How did odontocete hearing evolve?

Cetaceans evolved from ancestors that had air-adapted ears. Their entire body, including their auditory systems, underwent significant adaptations related to living in water. These include the shape of the skull, the formation of a pathway for receiving sound energy in water, and some components of the inner ear. The following movie shows the anatomical adaptations of the skeleton of odontocetes, from the oldest known cetacean to modern-day odontocete.

A movie of the anatomical adaptations of the skeleton of odontocetes, from Pakicetus to Ambulocetus to protocetids to modern-day toothed whales.
Movie provided courtesy of Darlene Ketten, Woods Hole Oceanographic Institution and Harvard Medical School.

Gingrich and others (1983) published this reconstruction of the skull of Pakicetus inachus (redrawn for RNCSE by Janet Dreyer). Image credit: National Center for Science Education, Inc. (

The oldest whale is from the genus Pakicetus, known from a 52-million-year-old fossil from Pakistan. It had four legs but is classified as a whale because its enlarged auditory bulla, has an enlarged, distinct tympanic wall, which is characteristic of modern whales. The next step in the evolutionary chain is Ambulocetus, discovered in 1994, which could both walk on land and swim. The skull of Ambulocetus elongated and included a fat pad in the lower jaw, which in modern-day odontocetes is the pathway for sound energy to reach the middle ear. Remingtonocetids and protocetids, the next steps in the evolutionary chain, were the first cetacean ancestors with an ear like that of modern whales. The movie concludes with a generic odontocete skeleton, showing an animal fully adapted to an aquatic existence.

The skeletons of Ambulocetus (top) and Pakicetus (bottom). Image credit: Thewissen lab, NEOMED.

The aquatic ear is highly derived compared to the ear of land mammals. Cetaceans have no external pinna and the ear canal is narrow and plugged with thickened tissue, dead cells, and wax. Sound gets to the middle ear of odontocetes through fats that surround a thin, hollow area of the lower jaw, or mandible.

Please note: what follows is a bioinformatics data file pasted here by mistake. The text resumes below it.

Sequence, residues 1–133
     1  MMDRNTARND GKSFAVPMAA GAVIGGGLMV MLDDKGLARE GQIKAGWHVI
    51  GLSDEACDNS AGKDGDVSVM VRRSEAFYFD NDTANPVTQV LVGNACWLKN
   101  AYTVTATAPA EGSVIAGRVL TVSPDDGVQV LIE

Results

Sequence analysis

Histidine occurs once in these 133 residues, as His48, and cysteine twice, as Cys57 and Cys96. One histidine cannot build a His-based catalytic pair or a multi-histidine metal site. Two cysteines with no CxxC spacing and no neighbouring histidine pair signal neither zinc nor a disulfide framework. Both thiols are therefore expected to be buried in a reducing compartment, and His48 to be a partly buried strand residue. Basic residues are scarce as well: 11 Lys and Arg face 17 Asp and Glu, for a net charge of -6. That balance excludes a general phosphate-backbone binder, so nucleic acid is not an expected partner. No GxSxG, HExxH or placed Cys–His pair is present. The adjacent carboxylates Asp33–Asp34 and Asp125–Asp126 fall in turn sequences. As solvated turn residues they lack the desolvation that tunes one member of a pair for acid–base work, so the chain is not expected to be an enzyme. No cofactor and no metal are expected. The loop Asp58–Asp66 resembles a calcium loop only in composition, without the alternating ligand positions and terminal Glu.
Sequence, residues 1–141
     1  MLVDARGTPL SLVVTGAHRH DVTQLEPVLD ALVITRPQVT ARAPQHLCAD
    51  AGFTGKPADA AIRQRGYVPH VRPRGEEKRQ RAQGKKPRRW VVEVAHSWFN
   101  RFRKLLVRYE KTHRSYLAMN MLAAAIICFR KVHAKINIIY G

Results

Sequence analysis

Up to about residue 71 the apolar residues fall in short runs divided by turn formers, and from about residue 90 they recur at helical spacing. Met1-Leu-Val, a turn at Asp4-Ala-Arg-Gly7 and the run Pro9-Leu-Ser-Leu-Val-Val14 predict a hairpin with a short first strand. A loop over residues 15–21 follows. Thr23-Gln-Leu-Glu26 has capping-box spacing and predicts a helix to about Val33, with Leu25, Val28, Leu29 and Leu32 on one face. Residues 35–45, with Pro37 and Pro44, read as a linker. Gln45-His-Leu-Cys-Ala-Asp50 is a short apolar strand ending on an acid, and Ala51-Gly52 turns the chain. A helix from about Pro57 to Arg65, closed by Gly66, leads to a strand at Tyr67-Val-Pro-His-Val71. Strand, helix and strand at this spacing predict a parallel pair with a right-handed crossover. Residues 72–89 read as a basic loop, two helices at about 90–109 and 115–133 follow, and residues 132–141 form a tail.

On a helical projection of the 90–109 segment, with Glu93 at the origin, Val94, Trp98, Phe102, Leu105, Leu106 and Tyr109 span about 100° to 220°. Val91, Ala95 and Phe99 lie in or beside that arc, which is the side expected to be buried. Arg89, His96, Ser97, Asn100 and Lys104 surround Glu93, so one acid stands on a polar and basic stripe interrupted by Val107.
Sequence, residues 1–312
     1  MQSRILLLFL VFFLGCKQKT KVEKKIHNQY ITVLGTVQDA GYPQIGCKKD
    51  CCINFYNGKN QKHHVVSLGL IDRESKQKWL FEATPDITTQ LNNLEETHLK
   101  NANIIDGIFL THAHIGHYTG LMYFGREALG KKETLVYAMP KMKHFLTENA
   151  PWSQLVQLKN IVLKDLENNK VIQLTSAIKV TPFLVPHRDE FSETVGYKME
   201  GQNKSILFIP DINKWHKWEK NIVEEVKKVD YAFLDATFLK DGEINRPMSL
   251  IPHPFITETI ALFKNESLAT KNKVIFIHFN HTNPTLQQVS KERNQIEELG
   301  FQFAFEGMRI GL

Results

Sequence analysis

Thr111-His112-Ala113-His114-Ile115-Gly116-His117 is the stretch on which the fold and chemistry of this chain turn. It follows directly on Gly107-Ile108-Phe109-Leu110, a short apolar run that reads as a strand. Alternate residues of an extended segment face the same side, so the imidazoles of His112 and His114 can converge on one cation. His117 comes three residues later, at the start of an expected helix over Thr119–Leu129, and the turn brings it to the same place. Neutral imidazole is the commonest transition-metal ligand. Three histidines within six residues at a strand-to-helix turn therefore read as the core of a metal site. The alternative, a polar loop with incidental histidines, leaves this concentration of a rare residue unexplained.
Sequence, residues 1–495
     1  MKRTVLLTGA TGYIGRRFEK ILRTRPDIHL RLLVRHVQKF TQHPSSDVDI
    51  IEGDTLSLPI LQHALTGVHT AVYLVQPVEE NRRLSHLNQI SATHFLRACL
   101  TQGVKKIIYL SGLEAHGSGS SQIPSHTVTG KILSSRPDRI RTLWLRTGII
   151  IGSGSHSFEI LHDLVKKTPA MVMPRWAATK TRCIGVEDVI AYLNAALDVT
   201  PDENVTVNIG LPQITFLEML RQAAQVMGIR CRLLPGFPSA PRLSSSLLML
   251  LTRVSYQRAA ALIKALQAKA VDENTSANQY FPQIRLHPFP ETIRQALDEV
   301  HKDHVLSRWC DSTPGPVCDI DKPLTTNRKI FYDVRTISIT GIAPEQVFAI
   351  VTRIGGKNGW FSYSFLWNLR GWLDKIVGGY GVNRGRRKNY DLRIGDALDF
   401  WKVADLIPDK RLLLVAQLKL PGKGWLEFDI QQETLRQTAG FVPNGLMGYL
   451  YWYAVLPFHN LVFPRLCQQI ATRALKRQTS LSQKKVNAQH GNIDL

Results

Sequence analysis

The adaptations of the inner ear for underwater sound reception are discussed in the section Hearing in Cetaceans and Sirenians, the Fully Aquatic Ear. Important differences between a terrestrial inner ear and the odontocete inner ear that are associated with echolocation in water are the number of auditory ganglion cells, the ratio of the number of ganglion cells to the number of hair cells, the size of the auditory nerve, the dimensions of the basilar membrane, and the support of the basilar membrane. These adaptations mean that odontocetes have a broad hearing range extending to 200 kHz, and they are able to do complex auditory processing.

Three-dimensional surface volume rendering from CT scans of the head in left lateral view of an Atlantic white-sided dolphin (Lagenorhynchus acutus) demonstrating the position of the tri-lobed jaw fats (orange), melon (green), ear bones (blue), and soft tissues (transparent) relative to the skull. Image provided courtesy of Darlene Ketten, Woods Hole Oceanographic Institution and Harvard Medical School.

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  • Gingerich, P. D., Raza, S. M., Arif, M., Anwar, M., & Zhou, X. (1994). New whale from the Eocene of Pakistan and the origin of cetacean swimming. Nature, 368(6474), 844–847.
  • Koopman, H. N., Budge, S. M., Ketten, D. R., & Iverson, S. J. (2006). Topographical distribution of lipids inside the mandibular fat bodies of odontocetes: Remarkable complexity and consistency. IEEE Journal of Oceanic Engineering, 31(1), 95–106.
  • Nummela, S., Thewissen, J. G. M., Bajpai, S., Hussain, T., & Kumar, K. (2007). Sound transmission in archaic and modern whales: Anatomical adaptations for underwater hearing. The Anatomical Record: Advances in Integrative Anatomy and Evolutionary Biology, 290(6), 716–733.
  • Thewissen, J. G. M., Cooper, L. N., Clementz, M. T., Bajpai, S., & Tiwari, B. N. (2007). Whales originated from aquatic artiodactyls in the Eocene epoch of India. Nature, 450(7173), 1190–1194.
  • Thewissen, J. G. M., Hussain, S. T., & Arif, M. (1994). Fossil evidence for the origin of aquatic locomotion in archaeocete whales. Science, 263(5144), 210–212.